That’s how many 10-year-old girls are afraid of being fat.
Sad, isn’t it? And yet, eating disorders maintain their taboo status and their high mortality rate in equal measure; they cause 12 times more deaths in young women than all other causes of death combined.
Unfortunately, the pressures of society to stay svelte and slim are not the only contributing factors to the rise in eating disorders. In fact, the psychological idea of control and order plays a greater role than many realize. When excessive stress, lack of structure, or even just the idea of a routine become too consuming, many men and women alike run the risk of finding that discipline in one thing: Their diet.
Whether battling with body image or struggling to lessen a firm grip on life’s framework, those suffering from eating disorders are not alone. This April, We-Care.com is focusing on eating disorder awareness and treatment, and partnered with the Eating Disorder Coalition of Tennessee to help eradicate the stigma of eating disorders and provide assistance to those who need it.
With this partnership came an amazing introduction to Maria G., an incredible survivor of anorexia nervosa and other related eating disorders. Maria shared her journey of recovery with us.
I wish the process of recovery had been simple for me: Eat food, girl. It wasn’t, though, and from what I know of my fellow travelers’ journeys, it wasn’t for them either.
I, like so many Type-A high achievers, was addicted to perfection and routine. I discovered at the young age of 13 that if I create systems, then I know what I am going to get. Plug and chug. So I did, and for the most part it worked… and worked too well, far into my 20’s.
My addiction to perfection and routine, when left to the wild mind of this overly passionate girl, came to be a major cause for my battle with anorexia and a multitude of other EDs [eating disorders], though. What I didn’t yet understand is that the more I deprived myself of what I needed to survive, the more I deprived the world of the girl it needed alive.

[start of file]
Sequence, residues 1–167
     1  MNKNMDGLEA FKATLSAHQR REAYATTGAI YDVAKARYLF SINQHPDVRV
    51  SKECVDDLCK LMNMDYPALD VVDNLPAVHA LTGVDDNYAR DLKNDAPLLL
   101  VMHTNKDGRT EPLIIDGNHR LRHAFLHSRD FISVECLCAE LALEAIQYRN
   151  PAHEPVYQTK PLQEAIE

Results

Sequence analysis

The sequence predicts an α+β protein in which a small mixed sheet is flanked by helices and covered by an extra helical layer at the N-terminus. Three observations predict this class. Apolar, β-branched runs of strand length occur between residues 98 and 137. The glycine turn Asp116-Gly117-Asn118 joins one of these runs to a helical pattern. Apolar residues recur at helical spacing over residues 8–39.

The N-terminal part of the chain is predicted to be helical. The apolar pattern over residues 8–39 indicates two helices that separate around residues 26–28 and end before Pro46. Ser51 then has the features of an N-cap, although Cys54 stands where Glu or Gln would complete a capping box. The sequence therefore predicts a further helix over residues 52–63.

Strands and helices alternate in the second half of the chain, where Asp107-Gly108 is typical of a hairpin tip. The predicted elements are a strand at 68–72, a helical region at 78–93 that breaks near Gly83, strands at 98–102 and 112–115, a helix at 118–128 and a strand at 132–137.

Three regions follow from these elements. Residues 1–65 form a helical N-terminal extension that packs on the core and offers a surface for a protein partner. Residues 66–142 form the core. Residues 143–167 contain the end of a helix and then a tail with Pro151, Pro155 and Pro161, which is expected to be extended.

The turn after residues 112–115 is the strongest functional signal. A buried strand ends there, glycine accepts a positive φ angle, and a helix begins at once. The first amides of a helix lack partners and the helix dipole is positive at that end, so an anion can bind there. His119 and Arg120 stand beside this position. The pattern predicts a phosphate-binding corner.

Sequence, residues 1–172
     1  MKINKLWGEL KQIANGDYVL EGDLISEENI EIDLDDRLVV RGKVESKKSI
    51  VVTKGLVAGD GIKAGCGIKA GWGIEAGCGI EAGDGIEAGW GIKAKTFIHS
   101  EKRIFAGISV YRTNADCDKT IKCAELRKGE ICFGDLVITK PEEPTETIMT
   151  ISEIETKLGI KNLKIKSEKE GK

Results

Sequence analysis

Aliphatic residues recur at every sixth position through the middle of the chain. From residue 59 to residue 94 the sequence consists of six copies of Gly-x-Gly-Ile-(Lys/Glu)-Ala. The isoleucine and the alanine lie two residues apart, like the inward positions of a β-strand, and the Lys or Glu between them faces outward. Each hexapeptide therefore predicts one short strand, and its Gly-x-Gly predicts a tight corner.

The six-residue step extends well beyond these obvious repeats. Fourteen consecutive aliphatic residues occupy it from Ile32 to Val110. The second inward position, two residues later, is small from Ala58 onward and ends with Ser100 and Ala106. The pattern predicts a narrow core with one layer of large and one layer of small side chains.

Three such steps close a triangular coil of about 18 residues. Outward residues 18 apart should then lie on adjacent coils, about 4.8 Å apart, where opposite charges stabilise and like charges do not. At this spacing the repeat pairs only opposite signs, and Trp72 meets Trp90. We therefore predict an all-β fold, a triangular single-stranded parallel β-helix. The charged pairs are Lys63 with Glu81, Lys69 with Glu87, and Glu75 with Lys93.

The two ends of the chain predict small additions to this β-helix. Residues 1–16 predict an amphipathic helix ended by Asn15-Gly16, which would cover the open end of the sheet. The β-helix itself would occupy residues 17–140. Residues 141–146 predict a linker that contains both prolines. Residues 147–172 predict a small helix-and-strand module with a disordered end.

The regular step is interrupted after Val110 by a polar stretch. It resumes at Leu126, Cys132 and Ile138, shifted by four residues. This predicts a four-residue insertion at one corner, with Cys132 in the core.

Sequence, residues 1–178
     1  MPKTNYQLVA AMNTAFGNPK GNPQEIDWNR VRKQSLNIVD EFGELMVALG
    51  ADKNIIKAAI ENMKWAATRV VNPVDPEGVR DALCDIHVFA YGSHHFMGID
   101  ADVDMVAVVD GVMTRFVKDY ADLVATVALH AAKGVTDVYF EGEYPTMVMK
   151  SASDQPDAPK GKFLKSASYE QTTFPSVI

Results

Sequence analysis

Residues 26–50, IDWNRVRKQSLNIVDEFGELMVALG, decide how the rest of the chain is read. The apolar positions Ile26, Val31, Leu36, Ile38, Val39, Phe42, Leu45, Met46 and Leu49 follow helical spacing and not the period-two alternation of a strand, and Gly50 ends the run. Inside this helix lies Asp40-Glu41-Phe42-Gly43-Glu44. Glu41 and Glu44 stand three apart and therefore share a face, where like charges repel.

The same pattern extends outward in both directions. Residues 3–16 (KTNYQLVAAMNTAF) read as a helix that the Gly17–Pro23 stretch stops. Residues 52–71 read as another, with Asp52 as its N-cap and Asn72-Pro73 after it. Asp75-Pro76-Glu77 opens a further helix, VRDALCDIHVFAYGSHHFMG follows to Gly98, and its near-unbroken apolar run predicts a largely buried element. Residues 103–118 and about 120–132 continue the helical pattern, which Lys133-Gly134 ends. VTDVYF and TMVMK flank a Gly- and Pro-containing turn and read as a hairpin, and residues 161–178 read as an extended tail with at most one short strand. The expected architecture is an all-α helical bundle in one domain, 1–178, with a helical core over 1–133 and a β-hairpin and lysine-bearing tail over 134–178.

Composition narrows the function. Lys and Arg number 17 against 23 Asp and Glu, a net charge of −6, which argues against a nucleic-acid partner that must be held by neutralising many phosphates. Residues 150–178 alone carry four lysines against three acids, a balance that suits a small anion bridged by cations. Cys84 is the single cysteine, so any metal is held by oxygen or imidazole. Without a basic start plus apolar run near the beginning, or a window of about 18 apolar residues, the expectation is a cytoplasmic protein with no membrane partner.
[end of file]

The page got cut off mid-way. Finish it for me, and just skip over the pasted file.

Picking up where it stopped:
See, I believe we are designed to live in community, and recovery requires that we go back to our human foundation. I recently sought out the Eating Disorder Coalition of Tennessee, because I had learned an important concept in my journey: Community heals.
I’ve found strength, even in my post-recovery days, simply through the blog community they’ve set up based on real experiences of those who have actually walked in my footsteps. What we constantly put in front of our eyes and minds creates us.
It’s simple: We are a product of our environment, and my environment has now been shaped by powerful stories of recovery outside of my own.
Community released me from the constraints of perfection and routine, and helped me build the environment of positivity that took me from recovery to what I like to call “strong recovery.” The world needs me (and you) to carry it into the future. EDCT has allowed me to know “you,” who — like me — needed to be released from EDs hold.
Our flaws and imperfections — the things that set us apart from others — are the very tools the world uses to grow and change. See, if we were all alike, we’d be disposable. The world breathes in our differences and uses them to shape the future. Each of us, in our most authentic state, cause ripples of change. Thanks to EDCT, we are now free to take on the world the way we were meant to.
– Maria G.
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